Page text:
A Refreshing view of History and the Movie 300

The below YouTube video “Why The Persians Should Be The Good Guys In ‘300’ ” was posted by Cracked on December 27, 2016 and received 70k hits in less than a day. This is a remarkable posting by young western bloggers and writers who question Eurocentrist historical revisionism and place the ancient Greco-Persian wars in a more even-handed perspective. Readers may also find the article “The 300 Movie: Separating Fact from Fiction” of interest (posted in 10 segments below):

  1. Introductory notes — see also: The Notion of Democracy and Human Rights
  2. What really led to War
  3. The Military Conflict: Separating Fact from Fiction
  4. The Error of Xerxes: The Burning of Athens
  5. The “West” battling against the “Mysticism” of “the East”
  6. The Portrayal of Iranians and Greeks
  7. A Note on the Iranian Women in Antiquity
  8. “Good” versus “Evil”
  9. Bibliography
  10. ترجمه مقاله کاوه فرخ به فارسی توسط غزال خاكسارى: فیلم 300: افسانه یا واقعیت

Consult also John Trikeriotis’ article: False depictions of Xerxes and Artemesia in “300: Rise of an Empire”; See also articles under: “کوروش بزرگ -Cyrus the Great & the Cyrus Cylinder

 

 

Pseudo-Scholarship about Iran: Insulting Cyrus the Great

Article below by John Limbert appeared in the LobeLog website on November 3, 2016. Kindly note that none of the pictures and their corresponding captions appeared in the original LobeLog release.

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John Limbert is Class of 1955 Professor of Middle Eastern Studies at the U.S. Naval Academy. He served 34 years in the Foreign Service, including 14 months as a hostage at the American Embassy in Tehran.  He has recently authored Negotiating with Iran: Wrestling the Ghosts of History for the US Institute of Peace.

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What is it about Harvard that impels its people to produce pseudo-scholarly non-facts about Iran? Four years ago a presi­den­tial candidate and graduate of the Harvard Business School claimed that Iran needed its alliance with Syria to achieve “access to the sea.” Perhaps they don’t use maps at the Business School. A couple years ago, a former professor and secretary of state who received his Ph.D. from Harvard warned darkly about a newly reconstructed “Persian Empire” that was about to dominate the Middle East.

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The Tomb of Cyrus the Great at Pasargadae where Alexander paid his respects. The tomb is a UNESCO World Heritage site (Source: Public Domain).

Such ahistorical nonsense and geographical mishmash never seems to die. In a recent Time article called “The Iran Paradox,” the current dean of Harvard’s (and Tuft’s) Fletcher School of Law and Diplomacy continued this unfortunate precedent. About Iran he wrote that “the inheritors of that [i.e. Cyrus the Great’s] imperial tradition are today’s Shi’ite Iranians, and their present-day ambitions for the Middle East…will roil the already tense region deeply over the next few years.”

cyrus-cylinder-New

The Cyrus Cylinder housed at the British Museum (Source:  Angelina Perri Birney).

Of course there once were mighty Persian empires. The Book of Daniel tells of the great “empire of the Medes and Persians whose laws alter not.” In the sixth century BCE, Cyrus created a vast multi-ethnic and multi-religious empire whose organi­zing principle was acceptance and support of local customs and beliefs. About 539-538 BCE, the ruler spelled out that policy in the famous “Cyrus cylinder” of Babylonia, which many Iranians today proudly claim was the world’s first universal declaration of human rights. One can argue about Cyrus’ motives, but no one can argue with the success of his program.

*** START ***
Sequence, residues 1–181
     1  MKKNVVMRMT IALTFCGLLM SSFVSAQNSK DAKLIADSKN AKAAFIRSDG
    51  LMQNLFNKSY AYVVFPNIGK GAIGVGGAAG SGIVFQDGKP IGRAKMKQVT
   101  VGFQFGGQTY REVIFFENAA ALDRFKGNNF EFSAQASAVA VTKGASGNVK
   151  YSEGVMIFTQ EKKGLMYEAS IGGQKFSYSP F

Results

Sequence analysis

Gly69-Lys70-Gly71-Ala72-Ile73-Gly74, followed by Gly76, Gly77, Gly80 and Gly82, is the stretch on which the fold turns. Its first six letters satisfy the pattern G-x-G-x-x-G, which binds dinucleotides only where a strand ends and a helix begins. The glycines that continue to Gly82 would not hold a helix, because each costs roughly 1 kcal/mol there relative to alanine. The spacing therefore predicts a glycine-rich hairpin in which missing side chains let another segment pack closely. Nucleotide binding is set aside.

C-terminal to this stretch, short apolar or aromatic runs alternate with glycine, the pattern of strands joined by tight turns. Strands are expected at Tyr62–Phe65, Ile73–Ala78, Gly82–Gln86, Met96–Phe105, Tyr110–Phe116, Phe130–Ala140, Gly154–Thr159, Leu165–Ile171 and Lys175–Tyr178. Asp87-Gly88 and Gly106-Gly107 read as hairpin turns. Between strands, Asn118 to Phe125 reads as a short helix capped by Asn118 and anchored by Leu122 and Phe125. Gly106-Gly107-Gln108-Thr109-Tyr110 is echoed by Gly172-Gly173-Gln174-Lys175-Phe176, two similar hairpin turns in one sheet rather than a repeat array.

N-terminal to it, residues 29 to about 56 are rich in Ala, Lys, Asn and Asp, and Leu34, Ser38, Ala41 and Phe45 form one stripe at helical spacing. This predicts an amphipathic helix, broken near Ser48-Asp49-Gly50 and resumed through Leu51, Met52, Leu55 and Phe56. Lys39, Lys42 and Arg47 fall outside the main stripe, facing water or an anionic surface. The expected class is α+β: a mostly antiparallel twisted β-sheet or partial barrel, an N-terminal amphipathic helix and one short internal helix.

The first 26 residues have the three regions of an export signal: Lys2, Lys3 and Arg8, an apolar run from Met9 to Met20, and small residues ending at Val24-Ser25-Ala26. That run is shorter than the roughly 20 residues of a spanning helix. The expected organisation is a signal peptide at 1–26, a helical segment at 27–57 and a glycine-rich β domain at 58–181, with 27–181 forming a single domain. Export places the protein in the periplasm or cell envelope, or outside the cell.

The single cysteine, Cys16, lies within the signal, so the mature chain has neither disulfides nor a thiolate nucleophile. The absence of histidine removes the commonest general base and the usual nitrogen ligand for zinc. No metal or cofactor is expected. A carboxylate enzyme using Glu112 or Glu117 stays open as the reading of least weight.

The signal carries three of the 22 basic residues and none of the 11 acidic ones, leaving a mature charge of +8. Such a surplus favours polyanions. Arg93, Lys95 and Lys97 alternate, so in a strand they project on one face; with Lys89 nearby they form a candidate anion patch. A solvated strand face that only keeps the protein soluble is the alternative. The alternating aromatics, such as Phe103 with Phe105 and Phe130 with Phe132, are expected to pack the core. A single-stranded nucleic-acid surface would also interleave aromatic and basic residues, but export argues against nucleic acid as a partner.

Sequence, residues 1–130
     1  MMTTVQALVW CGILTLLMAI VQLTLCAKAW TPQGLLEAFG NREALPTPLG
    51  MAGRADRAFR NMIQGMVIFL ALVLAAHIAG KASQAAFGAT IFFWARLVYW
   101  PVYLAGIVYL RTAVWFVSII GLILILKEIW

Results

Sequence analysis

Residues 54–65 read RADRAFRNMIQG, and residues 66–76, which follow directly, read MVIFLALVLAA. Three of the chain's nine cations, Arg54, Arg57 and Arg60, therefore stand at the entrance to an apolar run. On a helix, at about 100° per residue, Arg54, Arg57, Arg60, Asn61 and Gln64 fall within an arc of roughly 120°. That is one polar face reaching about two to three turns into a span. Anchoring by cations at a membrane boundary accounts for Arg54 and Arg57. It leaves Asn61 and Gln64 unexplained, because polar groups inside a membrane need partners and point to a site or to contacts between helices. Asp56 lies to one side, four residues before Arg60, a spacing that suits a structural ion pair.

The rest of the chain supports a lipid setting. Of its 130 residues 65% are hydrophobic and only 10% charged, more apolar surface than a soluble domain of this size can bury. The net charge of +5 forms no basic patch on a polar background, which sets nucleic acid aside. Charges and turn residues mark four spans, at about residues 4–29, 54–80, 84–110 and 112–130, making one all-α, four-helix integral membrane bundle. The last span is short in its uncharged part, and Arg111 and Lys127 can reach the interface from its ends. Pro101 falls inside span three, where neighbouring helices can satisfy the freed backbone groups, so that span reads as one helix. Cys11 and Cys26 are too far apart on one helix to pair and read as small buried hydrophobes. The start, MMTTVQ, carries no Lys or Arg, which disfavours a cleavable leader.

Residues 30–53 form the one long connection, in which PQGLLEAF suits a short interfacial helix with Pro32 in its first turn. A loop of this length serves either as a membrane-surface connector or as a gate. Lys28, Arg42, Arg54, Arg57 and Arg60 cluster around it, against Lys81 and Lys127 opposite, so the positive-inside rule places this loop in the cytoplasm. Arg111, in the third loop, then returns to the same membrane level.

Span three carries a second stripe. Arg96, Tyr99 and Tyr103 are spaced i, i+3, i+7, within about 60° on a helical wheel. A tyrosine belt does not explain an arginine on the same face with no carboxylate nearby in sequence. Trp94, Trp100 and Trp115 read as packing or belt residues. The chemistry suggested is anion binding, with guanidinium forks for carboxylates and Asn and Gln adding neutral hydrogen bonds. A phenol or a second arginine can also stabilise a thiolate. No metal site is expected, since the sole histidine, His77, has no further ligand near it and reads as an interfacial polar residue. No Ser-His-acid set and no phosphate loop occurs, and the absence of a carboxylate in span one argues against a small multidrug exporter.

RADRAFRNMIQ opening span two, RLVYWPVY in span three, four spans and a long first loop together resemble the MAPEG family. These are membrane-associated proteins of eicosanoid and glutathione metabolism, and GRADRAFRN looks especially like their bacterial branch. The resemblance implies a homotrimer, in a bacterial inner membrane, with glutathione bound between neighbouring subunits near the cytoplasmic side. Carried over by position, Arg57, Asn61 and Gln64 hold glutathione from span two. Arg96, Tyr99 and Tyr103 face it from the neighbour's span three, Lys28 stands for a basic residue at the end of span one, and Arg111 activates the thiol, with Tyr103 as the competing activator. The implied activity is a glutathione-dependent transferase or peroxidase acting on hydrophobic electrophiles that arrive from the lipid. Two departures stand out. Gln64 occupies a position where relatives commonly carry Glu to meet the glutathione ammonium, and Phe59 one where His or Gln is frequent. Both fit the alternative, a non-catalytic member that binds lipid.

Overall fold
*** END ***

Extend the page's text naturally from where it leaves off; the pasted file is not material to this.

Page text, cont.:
Cyrus Koresh Kourosh street in Jerusalem

When History goes beyond Politics: Koresh or Cyrus street in Jerusalem. There is currently no street named Cyrus or Koroush in Tehran, the capital of Iran today. There is also an “Iran” street in Israel.

But all that happened over 2,500 years ago. What is the relation of Cyrus’ vast empire to the current Islamic Republic and its clumsy foreign policy? None. In the past there were great Persian empires, whose armies burned Athens and humbled mighty Rome. But the last of those empires disappeared over 1,400 years ago with the victory of the in­vading Arab Muslim armies over the Zoroastrian Sassanians. Since then, Iran has either been a province of larger empires or a country confined roughly to its present-day borders. Its history for the last 200 years has been anything but imperial. More often it has been invaded, divided, threatened, manipu­lated, and exploited by outside powers.

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Journalism and Academia join to promote Eurocentricism: Matthias Schultz of Spiegel Magazine (July 15, 2008) and Harry de Quetteville of the Daily Telegraph (July 16, 2008) wrote parallel articles attacking the legacy of Cyrus the Great and his ancient legacy; both publications even criticized the people of Iran for appreciating the historical memory of Cyrus. See responses to the Spiegel article and the Daily Telegraph.

Iran today remains home to many monuments and memories of imperial glory, each a veritable Ozymandias. Iran retains only what British historian Michael Axworthy properly calls “the empire of the mind.” From time to time Iranian politicians will recall Iran’s past glories and issue bombast about reconquering territory lost centuries earlier. Such state­ments, however, ignore reality and are nothing but whistling past the graveyard in an attempt to conceal the Islamic Republic’s current weaknesses.

cyropaedia-thomas-jefferson-copy

Thomas Jefferson’s copy of the Cyropaedia (Picture Source:  Angelina Perri Birney). Like many of the founding fathers and those who wrote the US Constitution, President Jefferson regularly consulted the Cyropedia – an encyclopedia written by the ancient Greeks about Cyrus the Great. The two personal copies of Thomas Jefferson’s Cyropaedia are in the US Library of Congress in Washington DC. Thomas Jefferson’s initials “TJ” are seen clearly engraved at the bottom of each page.